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How coronavirus test prices compare now travellers arriving in England can cut quarantine time with a negative result

Travellers arriving in the UK from today can cut mandatory quarantine if they get a negative coronavirus test result from one of the Government's list of private Covid-19 test providers. But with prices ranging from £90 to almost £300 a test, here's a round-up of what you could end up paying.  

Until today (Tuesday 15 December), people arriving in England from countries that aren't on the Government's travel corridor list have needed to self-isolate - originally for 14 days, although this dropped to 10 days from 14 December. But under a new "Test to Release" scheme that comes into force today, travellers can now take a private Covid-19 test after five days of self-isolation, with a negative result releasing them from quarantine. 

To help, the Government has published a list of private test providers, which meet the required standard for the scheme - but prices vary wildly, with tests from some providers costing over three times as much as others. And there will be other considerations, such as how long the results take to arrive - which can vary from less than 24 hours to three days - and whether you need to attend a clinic in person. Full details in the table below.

This test is only for those seeking to avoid quarantine after being abroad though, and can't be used to cut self-isolation as advised by NHS Test and Trace or by the Covid-19 app. You can also only use one of the providers on the Government's list. If you use an NHS test to end your holiday self-isolation period you could be fined.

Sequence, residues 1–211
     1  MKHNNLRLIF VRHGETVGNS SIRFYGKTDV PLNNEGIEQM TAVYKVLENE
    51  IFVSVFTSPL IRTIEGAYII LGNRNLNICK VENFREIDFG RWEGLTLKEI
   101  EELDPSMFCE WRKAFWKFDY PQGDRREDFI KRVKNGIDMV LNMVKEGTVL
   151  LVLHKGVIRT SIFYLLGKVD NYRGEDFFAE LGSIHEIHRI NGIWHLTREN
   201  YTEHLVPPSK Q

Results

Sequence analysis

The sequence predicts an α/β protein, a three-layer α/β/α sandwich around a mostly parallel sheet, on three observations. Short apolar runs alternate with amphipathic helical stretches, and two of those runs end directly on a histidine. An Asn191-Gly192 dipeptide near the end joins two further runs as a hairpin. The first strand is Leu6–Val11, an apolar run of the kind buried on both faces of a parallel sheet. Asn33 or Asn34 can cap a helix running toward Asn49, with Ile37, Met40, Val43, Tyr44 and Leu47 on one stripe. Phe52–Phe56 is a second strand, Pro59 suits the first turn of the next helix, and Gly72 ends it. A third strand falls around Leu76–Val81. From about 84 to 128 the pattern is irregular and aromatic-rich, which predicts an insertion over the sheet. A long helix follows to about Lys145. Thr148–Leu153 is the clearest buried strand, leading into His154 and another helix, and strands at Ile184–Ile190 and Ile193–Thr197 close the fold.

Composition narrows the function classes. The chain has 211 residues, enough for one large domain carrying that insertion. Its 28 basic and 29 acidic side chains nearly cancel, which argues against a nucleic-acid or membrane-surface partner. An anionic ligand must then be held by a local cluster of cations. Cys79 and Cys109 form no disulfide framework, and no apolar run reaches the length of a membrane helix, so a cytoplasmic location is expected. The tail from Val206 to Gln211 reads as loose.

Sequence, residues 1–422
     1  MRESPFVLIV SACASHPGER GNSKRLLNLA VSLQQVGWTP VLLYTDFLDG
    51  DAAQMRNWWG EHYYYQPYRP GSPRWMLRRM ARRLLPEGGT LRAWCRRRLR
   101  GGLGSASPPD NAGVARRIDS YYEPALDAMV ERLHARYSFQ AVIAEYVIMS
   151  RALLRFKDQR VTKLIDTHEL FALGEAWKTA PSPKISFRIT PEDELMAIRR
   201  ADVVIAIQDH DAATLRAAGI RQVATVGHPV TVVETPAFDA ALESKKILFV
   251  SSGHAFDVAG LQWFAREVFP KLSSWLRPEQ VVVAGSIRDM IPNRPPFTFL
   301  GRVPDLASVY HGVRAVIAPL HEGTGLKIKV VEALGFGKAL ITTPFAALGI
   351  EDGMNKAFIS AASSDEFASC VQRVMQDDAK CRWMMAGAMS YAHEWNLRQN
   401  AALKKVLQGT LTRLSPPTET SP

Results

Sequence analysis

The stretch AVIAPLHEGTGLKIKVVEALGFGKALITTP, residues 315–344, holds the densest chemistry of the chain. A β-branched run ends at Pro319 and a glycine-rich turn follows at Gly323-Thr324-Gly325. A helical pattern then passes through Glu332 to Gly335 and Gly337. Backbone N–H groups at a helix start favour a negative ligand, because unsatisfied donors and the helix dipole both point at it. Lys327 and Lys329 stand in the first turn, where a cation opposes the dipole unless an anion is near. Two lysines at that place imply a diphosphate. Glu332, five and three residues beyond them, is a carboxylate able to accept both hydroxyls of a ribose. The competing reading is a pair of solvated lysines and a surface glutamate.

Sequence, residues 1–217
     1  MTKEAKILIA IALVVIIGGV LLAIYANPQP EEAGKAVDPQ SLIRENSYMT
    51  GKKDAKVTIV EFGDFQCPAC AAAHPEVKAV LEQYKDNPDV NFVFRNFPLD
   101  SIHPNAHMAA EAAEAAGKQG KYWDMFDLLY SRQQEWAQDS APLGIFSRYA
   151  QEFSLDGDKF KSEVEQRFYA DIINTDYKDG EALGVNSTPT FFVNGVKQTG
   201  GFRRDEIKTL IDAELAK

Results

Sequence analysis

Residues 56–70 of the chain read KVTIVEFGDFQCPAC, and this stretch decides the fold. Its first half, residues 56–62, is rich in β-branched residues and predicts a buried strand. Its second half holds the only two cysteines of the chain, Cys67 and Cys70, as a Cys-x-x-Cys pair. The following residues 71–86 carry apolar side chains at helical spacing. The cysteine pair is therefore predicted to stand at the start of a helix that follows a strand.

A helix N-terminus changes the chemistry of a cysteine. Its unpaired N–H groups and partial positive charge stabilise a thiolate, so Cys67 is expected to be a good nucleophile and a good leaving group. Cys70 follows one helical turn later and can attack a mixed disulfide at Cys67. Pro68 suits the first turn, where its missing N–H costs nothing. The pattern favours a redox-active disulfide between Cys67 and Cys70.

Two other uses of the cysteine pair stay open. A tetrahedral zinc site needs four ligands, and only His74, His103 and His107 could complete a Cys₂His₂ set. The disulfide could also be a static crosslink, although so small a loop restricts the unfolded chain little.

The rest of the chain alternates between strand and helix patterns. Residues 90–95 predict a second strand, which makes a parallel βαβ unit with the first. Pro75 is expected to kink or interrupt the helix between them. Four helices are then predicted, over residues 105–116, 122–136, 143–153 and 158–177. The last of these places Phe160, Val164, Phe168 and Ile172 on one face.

See our Coronavirus Travel Rights guide for more info on how trips might be affected by the coronavirus pandemic, plus our 15+ Holiday Destinations guide for info on quarantine and entry requirements for different locations. Plus, it's worth remembering that all overseas holidays are banned for people living in some areas of the UK - we've full help on local restrictions

How much do private coronavirus tests cost?

 The below table includes the price and turnaround time of all the providers listed by the Government as offering "test to release" services, though as the scheme only launched today, some providers haven't yet made their services live, while others have been overwhelmed by early demand and paused orders or have run out of stock.

The Government is also continuing to add new providers to its list, so check directly for up-to-date information.

The cost of coronavirus tests at Government-approved providers

Provider Cost Turnaround time Test in clinic or by post?
Chronomics £120 Within 24-36 hours of being received at lab Post
Collinson (1) Waiting to hear Waiting to hear Waiting to hear
DNA Workplace £99 + VAT Within 24-48 hours of being received at lab Post or courier
Halo Verify (2) £89 Within 24 hours of being received at lab Post
Medicspot (1) Waiting to hear By 11pm on day after test Waiting to hear
Nationwide Pathology Waiting to hear  Waiting to hear Waiting to hear